The same Oireachtas Committee who two weeks ago heard from GAA, Rugby and Soccer leaders that responsibility was the way forward were yesterday told by a group of medical professionals that the damage being wreaked by alcohol was way too serious not to fully implement the recommendations of last year’s report that proposed an outright ban on sporting sponsorship amongst other measures.
They produced figures which showed that alcoholic liver disease had increased by over 200% in the 15-34 and 35-49 categories, part of a dramatic rise in chronic drink related disorders.
The group from the Royal College of Physicians in Ireland were steadfast that public policy needs to take precedence over commercial interests and intimated that the gap in sponsorship would be ‘filled by others.’
It is of course their right and obligation to fight the case for what they believe is right but if this was a simple case of commerce over health there would be no case to answer.
The problem arises, and it is recognised as a problem, that the money which flows into sport each year, both at the headline level of Guinness in GAA or Heineken in Rugby, and at the grassroots level through support for clubs, is a large contributor to the kind of programmes that keep people active in sport, fitter and healthier as a nation.
Similar arguments were made against McDonalds at the time of their sponsorship of the FAI but the reality there is that the money enable an additional 65,000 hours of coaching and sports participation amongst young people.
Sport for Business has long argued that if Government does want to impose a ban that it should back this up with a public policy commitment, backed by funding to support sport to the same level as is done by the alcohol companies.
This would potentially mean an increase in Government funding of sport of somewhere in the region of €30 million per annum.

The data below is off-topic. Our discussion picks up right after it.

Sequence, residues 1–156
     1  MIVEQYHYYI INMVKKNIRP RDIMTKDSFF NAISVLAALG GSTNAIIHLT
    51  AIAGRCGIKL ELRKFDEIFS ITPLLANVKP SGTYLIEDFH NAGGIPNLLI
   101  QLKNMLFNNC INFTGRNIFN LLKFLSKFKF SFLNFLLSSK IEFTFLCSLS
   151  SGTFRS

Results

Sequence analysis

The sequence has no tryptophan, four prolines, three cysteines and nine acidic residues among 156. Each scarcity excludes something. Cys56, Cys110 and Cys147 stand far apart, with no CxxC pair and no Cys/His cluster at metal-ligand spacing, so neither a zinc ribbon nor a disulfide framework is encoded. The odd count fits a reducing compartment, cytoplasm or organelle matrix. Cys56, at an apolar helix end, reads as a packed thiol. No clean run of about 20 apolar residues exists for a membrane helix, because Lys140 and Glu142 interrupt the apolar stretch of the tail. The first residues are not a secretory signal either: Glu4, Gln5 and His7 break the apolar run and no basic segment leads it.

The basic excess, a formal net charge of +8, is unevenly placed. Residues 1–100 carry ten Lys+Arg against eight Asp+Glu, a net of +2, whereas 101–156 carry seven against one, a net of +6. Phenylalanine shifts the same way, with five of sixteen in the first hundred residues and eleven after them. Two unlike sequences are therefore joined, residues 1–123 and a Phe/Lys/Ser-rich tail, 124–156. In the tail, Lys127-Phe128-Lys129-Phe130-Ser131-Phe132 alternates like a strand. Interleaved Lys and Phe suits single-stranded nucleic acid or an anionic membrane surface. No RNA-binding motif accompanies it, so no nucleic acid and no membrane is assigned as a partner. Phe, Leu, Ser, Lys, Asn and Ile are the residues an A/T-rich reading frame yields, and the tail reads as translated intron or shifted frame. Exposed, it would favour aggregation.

Could such a sum be considered in the present climate? in reality if it is seen as an investment then yes.
In 2007 the Road Safety Authority was given €31.1 million of public funding to promote road safety. In that year 338 people died from road accidents. Now the number is halved. Nobody would argue that this was money well spent, even from an accounting perspective of the savings in emergency service and hospital costs.
The same level of investment now in sport, as a direct replacement for alcohol sponsorship could produce similar long term benefits for the nation and would be welcomed by those in sport who are not in this is some would paint them as money grabbers looking to take an easy pay cheque from the alcohol groups.
In reality the loss of companies who spend many times that sum on promoting their brand through sport would still be a blow but if sport works as a marketing medium then the likelihood is that it will still be used, no doubt with responsible promotion but without the direct link that evidence presented yesterday suggests is contributing, albeit only in part to a health and a societal crisis.
Sport is too important to have such an important funding stream cut off for what would be a massive social experiment in whether breaking the sponsorship link does in fact lead to better health.
Reports from France suggest that problems from alcohol consumption among the young are rising in France despite a similar ban being imposed there.
If political pressure becomes so much that a ban does come on the legislative agenda here, and there is a strong suggestion that is more and more likely, we need to consider imaginatively how the consequences, whether intended or not can be mitigated so that we do not damage sport, and damage the health of the nation by pushing from one problem of alcohol to another of sedentarism.
If it is merely a financial question then why don’t ministers ask the troika next week whether an additional €30 million per annum for sport as an investment in public health would be such a huge financial barrier as to be impossible.
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